Rob Erke was diagnosed with flesh-eating disease on July 7. Pictured here with his wife, Eilish, and son, Bronson, he hopes his story will help others become more aware of the fatal bacteria infection. Submitted photo

Langley man battles mysterious flesh-eating disease

Rod Erke wants others to be aware of the early warning signs of the deadly disease

A Langley man battling flesh-eating disease is hoping his story will help others avoid the devastation his family is now facing, after doctors misdiagnosed his condition in its early stages.

Rob Erke was working at his family’s small mobile trailer repair company on Canada Day when he noticed a pain in his shoulder. Upon inspection, he found a small lump, and went to the hospital.

The doctor tested to see if there was any kind of infection, and determined it was just an irritation. Rob was given some anti-inflammatory and pain medications and sent home.

By Wednesday, he began feeling sick and the little lump grew into a big, painful spot. He went to the hospital again on Thursday, but the wait time was so long, he decided to visit his family doctor the next day instead.

His doctor told him it was a bacterial infection, and gave him some antibiotics and requisitions to get blood work and X-rays done.

He was sent home again.

On Saturday morning, July 7, Rob woke up with a fever of 39.7 degrees and a huge, purple coloured mass on his shoulder. His wife, Eilish, sat by his side and tried to bring down his temperature until he fell asleep. She then called an ambulance.

“It turned out that it was quite bad and that his blood was absolutely septic, and they said if I hadn’t brought him in right away it could have killed him,” Eilish told the Langley Times.

“So then they sent him to Royal Columbian Hospital and said it was some ‘fleshitis,’ like a flesh-eating disease bacteria.”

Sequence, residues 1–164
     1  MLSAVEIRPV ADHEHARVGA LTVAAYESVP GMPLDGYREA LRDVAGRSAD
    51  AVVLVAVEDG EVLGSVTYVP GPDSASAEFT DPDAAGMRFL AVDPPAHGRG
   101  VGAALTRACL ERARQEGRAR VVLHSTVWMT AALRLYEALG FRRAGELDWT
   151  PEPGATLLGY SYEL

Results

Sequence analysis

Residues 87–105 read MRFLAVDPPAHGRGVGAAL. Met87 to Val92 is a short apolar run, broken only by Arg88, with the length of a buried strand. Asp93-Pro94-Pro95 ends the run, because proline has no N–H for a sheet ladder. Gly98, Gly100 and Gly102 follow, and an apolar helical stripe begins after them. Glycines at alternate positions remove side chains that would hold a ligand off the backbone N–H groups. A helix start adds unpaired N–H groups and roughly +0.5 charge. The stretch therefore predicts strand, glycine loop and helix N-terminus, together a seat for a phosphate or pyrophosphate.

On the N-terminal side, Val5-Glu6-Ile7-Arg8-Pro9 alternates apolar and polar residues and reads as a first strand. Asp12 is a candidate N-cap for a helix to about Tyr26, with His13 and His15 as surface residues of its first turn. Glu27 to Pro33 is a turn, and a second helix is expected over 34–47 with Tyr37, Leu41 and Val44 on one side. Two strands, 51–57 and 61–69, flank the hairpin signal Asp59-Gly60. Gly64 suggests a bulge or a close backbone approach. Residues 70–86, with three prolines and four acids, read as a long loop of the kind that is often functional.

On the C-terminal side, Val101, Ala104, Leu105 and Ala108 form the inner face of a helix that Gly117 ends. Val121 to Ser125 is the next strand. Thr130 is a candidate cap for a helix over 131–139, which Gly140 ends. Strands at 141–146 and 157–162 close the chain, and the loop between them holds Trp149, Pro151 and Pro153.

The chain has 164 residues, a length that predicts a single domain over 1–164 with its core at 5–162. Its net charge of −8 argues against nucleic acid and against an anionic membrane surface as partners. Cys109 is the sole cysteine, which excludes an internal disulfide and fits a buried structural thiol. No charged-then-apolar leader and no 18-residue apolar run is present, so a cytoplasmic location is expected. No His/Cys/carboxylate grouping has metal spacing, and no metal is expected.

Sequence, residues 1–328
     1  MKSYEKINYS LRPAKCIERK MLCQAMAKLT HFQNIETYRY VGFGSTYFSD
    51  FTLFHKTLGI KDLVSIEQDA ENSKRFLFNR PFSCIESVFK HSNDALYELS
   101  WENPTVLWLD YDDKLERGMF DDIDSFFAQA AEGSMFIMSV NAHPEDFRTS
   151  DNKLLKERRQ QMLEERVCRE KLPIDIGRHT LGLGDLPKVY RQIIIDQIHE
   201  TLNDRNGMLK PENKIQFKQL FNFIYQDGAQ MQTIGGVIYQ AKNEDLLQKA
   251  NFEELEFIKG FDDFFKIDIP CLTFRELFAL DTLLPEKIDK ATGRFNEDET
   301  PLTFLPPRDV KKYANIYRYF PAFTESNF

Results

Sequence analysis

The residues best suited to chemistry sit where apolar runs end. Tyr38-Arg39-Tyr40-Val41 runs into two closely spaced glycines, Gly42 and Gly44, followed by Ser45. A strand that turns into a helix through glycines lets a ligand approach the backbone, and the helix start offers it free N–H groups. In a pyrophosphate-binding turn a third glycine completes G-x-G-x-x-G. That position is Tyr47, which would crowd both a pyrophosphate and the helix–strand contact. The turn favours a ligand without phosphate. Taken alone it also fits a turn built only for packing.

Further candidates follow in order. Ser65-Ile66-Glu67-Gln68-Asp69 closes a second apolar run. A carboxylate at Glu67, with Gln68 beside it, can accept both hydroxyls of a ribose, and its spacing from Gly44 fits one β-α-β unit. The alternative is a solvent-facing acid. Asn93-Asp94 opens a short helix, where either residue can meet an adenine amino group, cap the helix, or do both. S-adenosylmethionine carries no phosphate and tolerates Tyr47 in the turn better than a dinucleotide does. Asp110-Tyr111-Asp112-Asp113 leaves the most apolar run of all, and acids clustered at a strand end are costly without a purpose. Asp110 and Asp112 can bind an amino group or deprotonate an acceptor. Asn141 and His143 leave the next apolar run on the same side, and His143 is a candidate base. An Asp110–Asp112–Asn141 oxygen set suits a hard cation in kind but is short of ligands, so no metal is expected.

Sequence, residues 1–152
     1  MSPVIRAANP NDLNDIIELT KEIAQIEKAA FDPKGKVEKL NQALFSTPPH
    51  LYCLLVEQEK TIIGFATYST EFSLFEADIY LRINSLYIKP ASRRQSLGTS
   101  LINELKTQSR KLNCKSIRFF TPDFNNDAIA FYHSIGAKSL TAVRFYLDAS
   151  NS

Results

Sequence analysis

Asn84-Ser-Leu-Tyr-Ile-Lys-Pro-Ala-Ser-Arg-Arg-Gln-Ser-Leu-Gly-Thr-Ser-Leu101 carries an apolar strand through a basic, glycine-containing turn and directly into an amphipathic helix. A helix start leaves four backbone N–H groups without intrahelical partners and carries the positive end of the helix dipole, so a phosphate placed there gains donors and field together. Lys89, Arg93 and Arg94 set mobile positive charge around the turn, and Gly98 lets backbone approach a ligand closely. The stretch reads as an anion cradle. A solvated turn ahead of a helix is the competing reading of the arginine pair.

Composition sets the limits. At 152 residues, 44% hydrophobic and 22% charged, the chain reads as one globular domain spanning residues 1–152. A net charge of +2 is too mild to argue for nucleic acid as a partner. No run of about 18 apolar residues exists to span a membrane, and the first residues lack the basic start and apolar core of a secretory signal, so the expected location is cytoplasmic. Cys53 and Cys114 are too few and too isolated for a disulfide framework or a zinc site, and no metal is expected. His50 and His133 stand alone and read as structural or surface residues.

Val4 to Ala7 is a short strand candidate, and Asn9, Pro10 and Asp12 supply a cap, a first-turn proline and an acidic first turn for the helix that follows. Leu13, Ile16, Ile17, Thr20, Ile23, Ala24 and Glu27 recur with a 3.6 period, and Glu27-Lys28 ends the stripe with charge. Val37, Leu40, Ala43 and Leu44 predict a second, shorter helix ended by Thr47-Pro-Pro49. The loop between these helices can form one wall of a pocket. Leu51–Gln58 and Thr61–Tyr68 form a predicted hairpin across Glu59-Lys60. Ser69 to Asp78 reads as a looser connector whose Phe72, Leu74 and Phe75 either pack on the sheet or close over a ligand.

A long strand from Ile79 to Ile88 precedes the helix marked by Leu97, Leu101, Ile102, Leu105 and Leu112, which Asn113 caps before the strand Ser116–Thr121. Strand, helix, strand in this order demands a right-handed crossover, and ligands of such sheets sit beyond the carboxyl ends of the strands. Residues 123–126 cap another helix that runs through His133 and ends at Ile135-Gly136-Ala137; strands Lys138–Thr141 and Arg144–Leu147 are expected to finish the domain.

Later that day Rob went in for surgery, followed by another surgery on Sunday to remove a large portion of his shoulder.

He was supposed to go for a third surgery the next day, but doctors decided to hold off.

“They put some kind of packing in him that’s got a pump that draws all the stuff out because they can’t seem to get a hold of the infection that’s in his blood still,” Eilish said.

“And I was told that this bacteria is quite nasty, it likes to attach itself to organs and joints. And right now he’s having tests done just to keep an eye on his heart, and they’re concerned about his left knee.

“It’s swelled and it’s actually swelled worse since Saturday, so just checking to see if it’s spread.”

According to HealthLink BC, flesh-eating disease, formally known as necrotizing fasciitis, is a severe, quick-spreading bacterial infection in the tissue or flesh surrounding muscles.

About two or three out of every 1 million people in B.C. contract the disease each year, and it can be fatal.

It is caused by many different bacteria, particularly ‘A streptococcus,’ the same bacteria that causes strep throat.

A streptococcus can be found on the skin, and in the nose and throat of healthy people, but most people do not get sick from it.

Just how it causes flesh-eating disease in some is not fully understood, the HealthLink BC website states.

“Since this severe form of streptococcal infection can progress so rapidly, the best approach is to get medical attention as soon as symptoms occur.

“An important clue to this disease is very severe pain at the site of a wound,” the website says.

“Always take good care of minor cuts to reduce the chance of the tissues under the skin getting infected. If you have a small cut or wound, wash it well in warm soapy water, and keep it clean and dry with a bandage.”

If Rob’s infection is fully treated, he still faces plastic surgery to repair the large hole now in his shoulder.